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Talanta 84 (2011) 601606

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Talanta
journal homepage: www.elsevier.com/locate/talanta

Review

A digital image-based method for determining of total acidity in red wines using
acidbase titration without indicator
Adamastor Rodrigues Trres a , Wellington da Silva Lyra a , Stfani Iury Evangelista de Andrade a ,
Renato Allan Navarro Andrade a , Edvan Cirino da Silva a, , Mrio Csar Ugulino Arajo a ,
Edvaldo da Nbrega Gaio b
a
Universidade Federal da Paraba, CCEN, Departamento de Qumica, P.O. Box 5093, Zip Code 58051-970 Joo Pessoa, PB, Brazil
b
Universidade Federal Rural de Pernambuco Unidade Acadmica de Serra Talhada, UAST, P.O. Box 063, Zip Code 56000-000 Serra Talhada, PE, Brazil

a r t i c l e i n f o a b s t r a c t

Article history: This work proposes the use of digital image-based method for determination of total acidity in red wines
Received 23 November 2010 by means of acidbase titration without using an external indicator or any pre-treatment of the sample.
Received in revised form 1 February 2011 Digital images present the colour of the emergent radiation which is complementary to the radiation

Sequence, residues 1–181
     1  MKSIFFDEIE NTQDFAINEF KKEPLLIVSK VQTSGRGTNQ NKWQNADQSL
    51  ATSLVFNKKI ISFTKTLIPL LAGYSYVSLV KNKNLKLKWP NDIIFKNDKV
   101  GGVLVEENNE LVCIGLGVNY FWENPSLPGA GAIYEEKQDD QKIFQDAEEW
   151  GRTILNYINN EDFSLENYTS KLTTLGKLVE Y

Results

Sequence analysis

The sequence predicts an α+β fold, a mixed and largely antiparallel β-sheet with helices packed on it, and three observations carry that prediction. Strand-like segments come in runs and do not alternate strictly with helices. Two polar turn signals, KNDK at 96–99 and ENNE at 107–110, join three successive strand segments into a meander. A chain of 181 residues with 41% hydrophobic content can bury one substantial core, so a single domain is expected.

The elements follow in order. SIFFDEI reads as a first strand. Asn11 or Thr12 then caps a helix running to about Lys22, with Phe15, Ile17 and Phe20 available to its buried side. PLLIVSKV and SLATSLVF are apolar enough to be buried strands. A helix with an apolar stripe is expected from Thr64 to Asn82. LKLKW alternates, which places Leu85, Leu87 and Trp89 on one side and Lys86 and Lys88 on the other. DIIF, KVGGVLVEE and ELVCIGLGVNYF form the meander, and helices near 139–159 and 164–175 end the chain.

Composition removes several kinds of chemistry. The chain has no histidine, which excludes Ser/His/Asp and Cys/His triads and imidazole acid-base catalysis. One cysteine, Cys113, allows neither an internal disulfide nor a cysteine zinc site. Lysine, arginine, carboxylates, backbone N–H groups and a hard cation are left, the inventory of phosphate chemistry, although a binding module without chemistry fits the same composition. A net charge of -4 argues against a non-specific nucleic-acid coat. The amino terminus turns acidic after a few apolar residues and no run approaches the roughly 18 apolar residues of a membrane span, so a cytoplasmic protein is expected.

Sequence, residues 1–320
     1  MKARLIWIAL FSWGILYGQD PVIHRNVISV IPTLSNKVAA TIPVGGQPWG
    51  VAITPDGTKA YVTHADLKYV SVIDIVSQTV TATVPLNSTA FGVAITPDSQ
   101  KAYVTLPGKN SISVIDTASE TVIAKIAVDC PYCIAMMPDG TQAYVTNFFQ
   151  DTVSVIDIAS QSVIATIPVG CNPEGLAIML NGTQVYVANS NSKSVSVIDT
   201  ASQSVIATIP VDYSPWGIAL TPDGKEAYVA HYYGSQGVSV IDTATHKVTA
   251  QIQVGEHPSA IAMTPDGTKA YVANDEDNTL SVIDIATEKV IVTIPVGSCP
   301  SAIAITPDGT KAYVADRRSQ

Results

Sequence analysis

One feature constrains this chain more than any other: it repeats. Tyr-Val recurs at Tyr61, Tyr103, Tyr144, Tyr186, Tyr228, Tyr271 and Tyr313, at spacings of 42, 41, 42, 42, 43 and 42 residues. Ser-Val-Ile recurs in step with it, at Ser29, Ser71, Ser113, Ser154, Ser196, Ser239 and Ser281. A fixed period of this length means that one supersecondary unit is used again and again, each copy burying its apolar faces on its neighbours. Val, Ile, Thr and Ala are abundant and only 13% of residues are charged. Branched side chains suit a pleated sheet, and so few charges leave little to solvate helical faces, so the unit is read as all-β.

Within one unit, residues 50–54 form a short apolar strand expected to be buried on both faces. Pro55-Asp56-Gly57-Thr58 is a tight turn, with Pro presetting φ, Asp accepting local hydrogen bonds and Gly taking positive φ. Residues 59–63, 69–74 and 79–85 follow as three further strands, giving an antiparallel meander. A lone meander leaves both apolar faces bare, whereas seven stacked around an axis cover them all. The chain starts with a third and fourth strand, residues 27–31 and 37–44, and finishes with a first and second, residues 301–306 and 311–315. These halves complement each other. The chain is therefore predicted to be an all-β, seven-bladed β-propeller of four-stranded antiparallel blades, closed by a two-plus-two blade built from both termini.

Accepted 2 February 2011
absorbed by anthocyanines present in wines. Anthocyanines change colour depending on the pH of the
Available online 1 March 2011
medium, and from the variation of colour in the images obtained during titration, the end point can be
localized with accuracy and precision. RGB-based values were employed to build titration curves, and
Keywords:
end points were localized by second derivative curves. The ofcial method recommends potentiometric
Digital images
Redgreenblue colour system
titration with a NaOH standard solution, and sample dilution until the pH reaches 8.28.4. In order to
Acidbase titration illustrate the feasibility of the proposed method, titrations of ten red wines were carried out. Results were
Red wines compared with the reference method, and no statistically signicant difference was observed between
Total acidity the results by applying the paired t-test at the 95% condence level. The proposed method yielded more
precise results than the ofcial method. This is due to the trivariate nature of the measurements (RGB),
associated with digital images.
2011 Elsevier B.V. All rights reserved.